CBS considering the sale of its radio division

When Charlie Chaplin finally allowed the world to hear his voice after 20 years of mime, he chose CBS's airwaves to do it on. (Source: Wikipedia)

When Charlie Chaplin allowed the world to hear his voice after twenty years of silent performance, he chose CBS for the broadcast.

(Source: LA Times)

CBS Corp. is poised to exit the radio business that it helped create.

Eighty-eight years ago, the company’s founder, William S. Paley, bought the nascent Columbia Broadcasting System, and those radio stations became the nucleus of a budding broadcast empire.

But on Tuesday, CBS Chairman and Chief Executive Leslie Moonves said the company was exploring strategic options, including a sale or spinoff, of its entire radio division.

“The aim here is to unlock value for our shareholders,” said Moonves, who made the announcement during an investor day in New York.

The decision marks the end of an era and highlights the waning influence of commercial radio, which is no longer considered a growth industry. Young adults spend more time listening to digital music files, podcasts and subscription Internet radio services such as Spotify and Pandora. The shift has prompted major advertisers, including car dealerships, wireless phone companies and financial services firms, to steer more of their marketing dollars to digital platforms.

Continue reading at the LA Times’ website…

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4 thoughts on “CBS considering the sale of its radio division

  1. TP Reitzel

    Interesting. Most of the MW broadcasters still using HD are stations owned by CBS. I periodically DX 50 kW stations in my area at night for HD signals. I fairly regularly lock onto KRLD, KMOX, and KFAQ. Although I think losing those HD stations would be a blow for HD, I don’t think the blow would be terminal. However, the hybrid mode of HD needs to be banned on the MW band. We’ll see how this potential sale of CBS’ radio division affects HD radio. I don’t really see any adverse effect on radio in general. Good riddance, CBS! LoL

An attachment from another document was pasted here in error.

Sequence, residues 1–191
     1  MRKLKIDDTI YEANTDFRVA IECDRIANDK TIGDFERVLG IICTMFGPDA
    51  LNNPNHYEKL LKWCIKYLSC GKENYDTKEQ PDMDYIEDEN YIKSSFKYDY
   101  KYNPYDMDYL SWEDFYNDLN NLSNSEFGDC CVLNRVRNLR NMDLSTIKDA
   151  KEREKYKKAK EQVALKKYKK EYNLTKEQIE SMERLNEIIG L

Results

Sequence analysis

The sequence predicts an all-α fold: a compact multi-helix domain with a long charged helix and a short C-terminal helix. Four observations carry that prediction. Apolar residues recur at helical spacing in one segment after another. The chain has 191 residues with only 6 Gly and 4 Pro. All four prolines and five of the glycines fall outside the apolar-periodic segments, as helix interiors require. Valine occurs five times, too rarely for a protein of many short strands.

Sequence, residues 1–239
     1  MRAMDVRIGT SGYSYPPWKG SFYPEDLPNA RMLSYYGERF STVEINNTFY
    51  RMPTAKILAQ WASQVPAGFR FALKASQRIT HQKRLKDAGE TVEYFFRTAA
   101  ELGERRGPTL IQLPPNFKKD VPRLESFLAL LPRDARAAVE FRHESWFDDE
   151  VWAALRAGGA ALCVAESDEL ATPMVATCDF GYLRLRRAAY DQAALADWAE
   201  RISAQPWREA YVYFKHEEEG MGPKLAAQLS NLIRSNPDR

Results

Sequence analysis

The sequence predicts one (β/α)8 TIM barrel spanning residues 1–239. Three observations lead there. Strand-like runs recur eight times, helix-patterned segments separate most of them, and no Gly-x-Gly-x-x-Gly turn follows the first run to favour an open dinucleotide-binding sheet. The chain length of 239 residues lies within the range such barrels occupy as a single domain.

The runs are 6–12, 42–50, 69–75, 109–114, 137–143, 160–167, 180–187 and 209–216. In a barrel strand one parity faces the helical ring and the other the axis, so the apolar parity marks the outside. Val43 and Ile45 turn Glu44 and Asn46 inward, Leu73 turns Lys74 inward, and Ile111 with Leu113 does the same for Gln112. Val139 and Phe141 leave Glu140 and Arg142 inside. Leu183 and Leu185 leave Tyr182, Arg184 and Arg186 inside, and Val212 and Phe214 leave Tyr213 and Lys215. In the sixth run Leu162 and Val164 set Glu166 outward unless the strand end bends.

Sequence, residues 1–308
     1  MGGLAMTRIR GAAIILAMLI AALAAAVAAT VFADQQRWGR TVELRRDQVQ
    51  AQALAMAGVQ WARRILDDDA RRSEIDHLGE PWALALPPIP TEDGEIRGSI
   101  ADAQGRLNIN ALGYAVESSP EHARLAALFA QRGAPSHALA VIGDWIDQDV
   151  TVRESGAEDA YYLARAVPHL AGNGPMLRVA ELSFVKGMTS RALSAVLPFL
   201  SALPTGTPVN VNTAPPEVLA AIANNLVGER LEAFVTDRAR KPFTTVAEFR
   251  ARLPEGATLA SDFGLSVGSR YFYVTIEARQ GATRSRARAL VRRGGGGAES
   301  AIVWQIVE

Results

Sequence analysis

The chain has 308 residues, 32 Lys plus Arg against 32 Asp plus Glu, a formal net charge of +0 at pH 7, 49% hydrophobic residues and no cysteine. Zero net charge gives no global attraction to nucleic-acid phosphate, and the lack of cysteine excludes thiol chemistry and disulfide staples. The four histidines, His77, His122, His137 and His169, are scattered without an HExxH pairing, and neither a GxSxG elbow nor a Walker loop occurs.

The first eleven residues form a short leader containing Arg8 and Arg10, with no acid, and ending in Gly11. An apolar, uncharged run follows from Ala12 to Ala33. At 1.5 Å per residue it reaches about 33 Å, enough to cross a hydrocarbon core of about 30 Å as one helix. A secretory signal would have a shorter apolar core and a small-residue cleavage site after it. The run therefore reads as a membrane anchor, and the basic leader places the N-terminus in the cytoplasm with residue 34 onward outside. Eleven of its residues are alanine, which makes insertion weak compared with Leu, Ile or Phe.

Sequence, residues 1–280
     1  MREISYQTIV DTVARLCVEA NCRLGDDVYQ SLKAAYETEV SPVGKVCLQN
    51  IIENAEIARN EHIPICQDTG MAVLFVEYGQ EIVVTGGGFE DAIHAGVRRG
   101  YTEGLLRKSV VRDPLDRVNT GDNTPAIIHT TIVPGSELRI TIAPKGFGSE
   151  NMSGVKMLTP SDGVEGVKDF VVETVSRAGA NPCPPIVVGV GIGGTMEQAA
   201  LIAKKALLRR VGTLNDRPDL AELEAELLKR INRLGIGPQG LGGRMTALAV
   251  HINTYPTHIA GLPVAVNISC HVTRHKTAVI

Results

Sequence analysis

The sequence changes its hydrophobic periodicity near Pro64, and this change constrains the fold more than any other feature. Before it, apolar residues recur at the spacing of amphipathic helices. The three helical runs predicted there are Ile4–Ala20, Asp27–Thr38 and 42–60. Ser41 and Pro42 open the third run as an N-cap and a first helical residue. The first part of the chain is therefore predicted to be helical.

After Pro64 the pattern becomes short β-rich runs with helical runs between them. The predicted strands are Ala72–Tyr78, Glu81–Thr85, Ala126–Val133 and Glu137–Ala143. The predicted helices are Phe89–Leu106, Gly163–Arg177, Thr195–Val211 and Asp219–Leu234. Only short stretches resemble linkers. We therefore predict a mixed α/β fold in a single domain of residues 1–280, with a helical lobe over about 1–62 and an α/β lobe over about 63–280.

Reply
    1. DanH

      How can you DX 50 kW HD MW stations “in my area”?

      MW HD in the USA was a failure. It was whipped by local analog FM.

      You are right about local coverage. As much as I like to listen to 50 kW MV stations for news at night the audience numbers for these stations pale in comparison to the local daytime numbers.

      Dumb-down wins by the numbers, every time.

      Reply
  2. DanH

    This is ominous news for radio listeners like myself who value quality news coverage. Two of the three 24/7 live 50kW AM news stations on the west coast are CBS owned. When those are gone AM radio will be a talk radio wasteland.

    The digital industry is doing its very best to hasten the demise of radio broadcasting. The smart phone i am pecking upon at this very moment is equipped with an actual FM receiver. This receiver is disabled for use in North America thanks to the collusion of cell phone manufacturers and the phone companies that want to sell data.

    Reply

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